Current Event March 31, 2017
Howard Zinn is best known for his book, “The People’s History of the United States” in which he reveals the United States’ long history of war, invasion, and human rights violations. A lawmaker in Arkansas has introduced a bill to ban the writings of historian Howard Zinn from schools in the state. Some people view Zinn’s work as an important insight into the negative aspects of U.S. history, while critics say that it is anti-American. Listen to hear more about Zinn’s perspective on United States history and an Arkansas educator’s views on the proposal to ban Zinn’s books from schools. Listen and then debate with your students: Should some books be banned?
Current Event February 24, 2017
One animal shelter is using social media to lead to raise animal adoption rates. Over the course of the last five years, a government-run shelter in Virginia went from euthanizing one-third of all stray animals to a nearly 90% adoption rate. By reaching out to the public for help on social media, the Animal Care and Control department has been able to find more animals homes more quickly. Listen to learn more about this department's innovations and then debate solutions in class on how social media can help save more abandoned dogs and cats.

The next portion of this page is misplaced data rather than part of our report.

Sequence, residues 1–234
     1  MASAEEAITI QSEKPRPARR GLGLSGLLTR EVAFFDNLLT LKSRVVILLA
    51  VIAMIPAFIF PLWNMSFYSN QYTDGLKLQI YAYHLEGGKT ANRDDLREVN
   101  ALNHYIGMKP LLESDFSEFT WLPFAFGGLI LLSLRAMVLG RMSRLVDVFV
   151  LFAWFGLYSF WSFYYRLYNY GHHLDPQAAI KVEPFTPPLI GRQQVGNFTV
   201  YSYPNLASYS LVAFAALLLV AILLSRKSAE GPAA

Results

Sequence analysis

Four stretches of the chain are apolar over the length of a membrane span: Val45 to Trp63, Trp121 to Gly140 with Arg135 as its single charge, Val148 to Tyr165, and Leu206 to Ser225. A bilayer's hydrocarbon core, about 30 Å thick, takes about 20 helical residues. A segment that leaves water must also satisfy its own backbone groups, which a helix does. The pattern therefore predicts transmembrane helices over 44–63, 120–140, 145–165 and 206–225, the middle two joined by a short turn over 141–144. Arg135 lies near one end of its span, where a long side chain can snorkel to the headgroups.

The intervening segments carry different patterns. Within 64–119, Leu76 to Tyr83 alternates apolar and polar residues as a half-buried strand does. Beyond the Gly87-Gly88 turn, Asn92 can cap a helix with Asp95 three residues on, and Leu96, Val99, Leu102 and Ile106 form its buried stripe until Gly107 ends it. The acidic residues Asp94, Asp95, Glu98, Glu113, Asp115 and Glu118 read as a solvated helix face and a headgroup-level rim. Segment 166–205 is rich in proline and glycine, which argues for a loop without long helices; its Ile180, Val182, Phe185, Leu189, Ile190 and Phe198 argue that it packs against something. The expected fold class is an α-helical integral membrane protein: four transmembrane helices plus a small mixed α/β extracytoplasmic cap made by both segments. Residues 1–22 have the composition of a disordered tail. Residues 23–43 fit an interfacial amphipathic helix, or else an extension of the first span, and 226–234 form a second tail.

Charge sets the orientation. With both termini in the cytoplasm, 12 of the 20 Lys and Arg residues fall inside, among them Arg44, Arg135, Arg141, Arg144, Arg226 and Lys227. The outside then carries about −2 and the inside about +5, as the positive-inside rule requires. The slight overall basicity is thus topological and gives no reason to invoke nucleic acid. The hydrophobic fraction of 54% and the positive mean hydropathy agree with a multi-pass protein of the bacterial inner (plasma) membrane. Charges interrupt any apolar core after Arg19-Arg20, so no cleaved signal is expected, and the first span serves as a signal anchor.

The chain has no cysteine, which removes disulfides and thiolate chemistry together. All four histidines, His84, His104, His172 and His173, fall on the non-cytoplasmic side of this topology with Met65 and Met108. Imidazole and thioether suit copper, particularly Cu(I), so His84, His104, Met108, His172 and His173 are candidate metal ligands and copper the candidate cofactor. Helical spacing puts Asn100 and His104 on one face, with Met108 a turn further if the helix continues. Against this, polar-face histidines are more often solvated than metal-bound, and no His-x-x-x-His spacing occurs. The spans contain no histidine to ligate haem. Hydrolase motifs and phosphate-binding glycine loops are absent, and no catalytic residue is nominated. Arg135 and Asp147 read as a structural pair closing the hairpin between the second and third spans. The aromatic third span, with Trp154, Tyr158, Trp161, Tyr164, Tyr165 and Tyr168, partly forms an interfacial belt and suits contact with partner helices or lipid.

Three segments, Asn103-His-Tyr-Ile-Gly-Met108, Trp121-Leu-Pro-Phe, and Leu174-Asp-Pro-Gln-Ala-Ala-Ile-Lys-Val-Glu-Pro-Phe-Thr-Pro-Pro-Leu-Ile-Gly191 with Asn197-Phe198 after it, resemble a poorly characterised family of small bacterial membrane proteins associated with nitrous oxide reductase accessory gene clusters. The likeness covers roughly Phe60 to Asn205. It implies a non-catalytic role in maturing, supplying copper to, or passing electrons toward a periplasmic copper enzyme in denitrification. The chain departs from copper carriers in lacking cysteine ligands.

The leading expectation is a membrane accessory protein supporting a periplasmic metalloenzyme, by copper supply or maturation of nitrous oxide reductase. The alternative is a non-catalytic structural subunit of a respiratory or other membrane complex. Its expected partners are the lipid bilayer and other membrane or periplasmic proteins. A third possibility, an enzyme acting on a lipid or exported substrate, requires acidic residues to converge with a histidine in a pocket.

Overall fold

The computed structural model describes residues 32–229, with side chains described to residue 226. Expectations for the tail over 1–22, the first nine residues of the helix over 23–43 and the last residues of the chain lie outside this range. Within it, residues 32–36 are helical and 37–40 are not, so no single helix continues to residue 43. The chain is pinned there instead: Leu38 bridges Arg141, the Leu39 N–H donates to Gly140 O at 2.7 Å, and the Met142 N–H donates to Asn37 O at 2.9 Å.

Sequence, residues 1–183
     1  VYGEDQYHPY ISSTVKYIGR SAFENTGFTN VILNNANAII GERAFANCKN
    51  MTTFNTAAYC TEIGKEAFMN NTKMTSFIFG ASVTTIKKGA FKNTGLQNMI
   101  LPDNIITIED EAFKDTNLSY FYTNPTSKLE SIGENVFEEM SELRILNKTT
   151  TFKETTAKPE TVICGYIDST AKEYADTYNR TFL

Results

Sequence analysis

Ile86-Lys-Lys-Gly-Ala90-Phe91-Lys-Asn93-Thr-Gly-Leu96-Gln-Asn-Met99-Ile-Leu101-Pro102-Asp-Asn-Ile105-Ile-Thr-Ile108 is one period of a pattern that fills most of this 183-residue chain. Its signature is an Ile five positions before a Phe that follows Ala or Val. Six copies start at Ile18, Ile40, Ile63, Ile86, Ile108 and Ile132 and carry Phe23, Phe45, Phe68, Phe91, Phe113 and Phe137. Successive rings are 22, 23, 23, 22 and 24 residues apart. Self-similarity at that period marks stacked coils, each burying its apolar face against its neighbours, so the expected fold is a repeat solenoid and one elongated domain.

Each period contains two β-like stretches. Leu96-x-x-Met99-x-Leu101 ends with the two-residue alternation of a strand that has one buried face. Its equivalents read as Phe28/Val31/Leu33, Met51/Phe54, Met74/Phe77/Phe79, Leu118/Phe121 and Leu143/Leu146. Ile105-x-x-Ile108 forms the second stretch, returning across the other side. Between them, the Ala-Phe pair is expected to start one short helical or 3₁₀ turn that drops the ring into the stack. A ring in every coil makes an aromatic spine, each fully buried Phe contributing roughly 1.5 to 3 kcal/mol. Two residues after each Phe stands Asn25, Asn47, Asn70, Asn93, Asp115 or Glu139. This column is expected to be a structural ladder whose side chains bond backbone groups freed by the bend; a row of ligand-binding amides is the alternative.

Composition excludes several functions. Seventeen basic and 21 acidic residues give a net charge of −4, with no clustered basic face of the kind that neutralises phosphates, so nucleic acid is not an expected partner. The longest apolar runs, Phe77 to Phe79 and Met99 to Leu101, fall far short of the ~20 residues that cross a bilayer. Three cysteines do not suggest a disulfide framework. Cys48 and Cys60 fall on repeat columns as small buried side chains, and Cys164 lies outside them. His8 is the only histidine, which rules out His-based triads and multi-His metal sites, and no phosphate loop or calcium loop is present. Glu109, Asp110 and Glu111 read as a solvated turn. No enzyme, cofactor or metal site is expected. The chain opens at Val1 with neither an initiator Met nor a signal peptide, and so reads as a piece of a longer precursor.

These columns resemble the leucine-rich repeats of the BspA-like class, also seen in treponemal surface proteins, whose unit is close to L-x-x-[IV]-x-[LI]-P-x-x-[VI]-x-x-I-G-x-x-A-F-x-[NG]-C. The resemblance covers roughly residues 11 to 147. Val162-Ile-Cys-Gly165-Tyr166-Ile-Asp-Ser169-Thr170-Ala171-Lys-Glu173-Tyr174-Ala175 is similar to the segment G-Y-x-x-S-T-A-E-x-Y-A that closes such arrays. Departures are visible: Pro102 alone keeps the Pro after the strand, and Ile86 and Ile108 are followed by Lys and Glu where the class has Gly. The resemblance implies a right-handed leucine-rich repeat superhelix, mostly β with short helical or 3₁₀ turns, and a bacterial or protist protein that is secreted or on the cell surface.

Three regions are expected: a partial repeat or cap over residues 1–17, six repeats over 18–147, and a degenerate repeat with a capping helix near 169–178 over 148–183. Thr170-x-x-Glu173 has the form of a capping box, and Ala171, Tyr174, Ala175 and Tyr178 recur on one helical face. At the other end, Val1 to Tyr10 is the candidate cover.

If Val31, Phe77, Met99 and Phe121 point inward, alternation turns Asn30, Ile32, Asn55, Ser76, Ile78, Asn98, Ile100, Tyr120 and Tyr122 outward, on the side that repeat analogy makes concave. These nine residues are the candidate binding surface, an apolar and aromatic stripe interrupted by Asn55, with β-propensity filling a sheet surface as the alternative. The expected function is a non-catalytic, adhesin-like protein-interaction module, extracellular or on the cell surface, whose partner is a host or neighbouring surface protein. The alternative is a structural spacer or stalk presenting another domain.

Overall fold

Current Event February 3, 2017
President Trump has assembled the richest administration in history. With the nomination of Vincent J. Viola as secretary of the Army, Trump’s cabinet now has a combined net worth of about $13 billion and includes four billionaires. Federal ethics regulations require many of these cabinet appointees to sell off some of their investments to avoid conflicts of interest. However, cabinet members who do sell investments are allowed to keep all of the profits without paying a capital gains tax. Listen to learn more about Trump’s cabinet and then debate the benefits and drawbacks of having a very wealthy people in key government positions.
Current Event July 7, 2016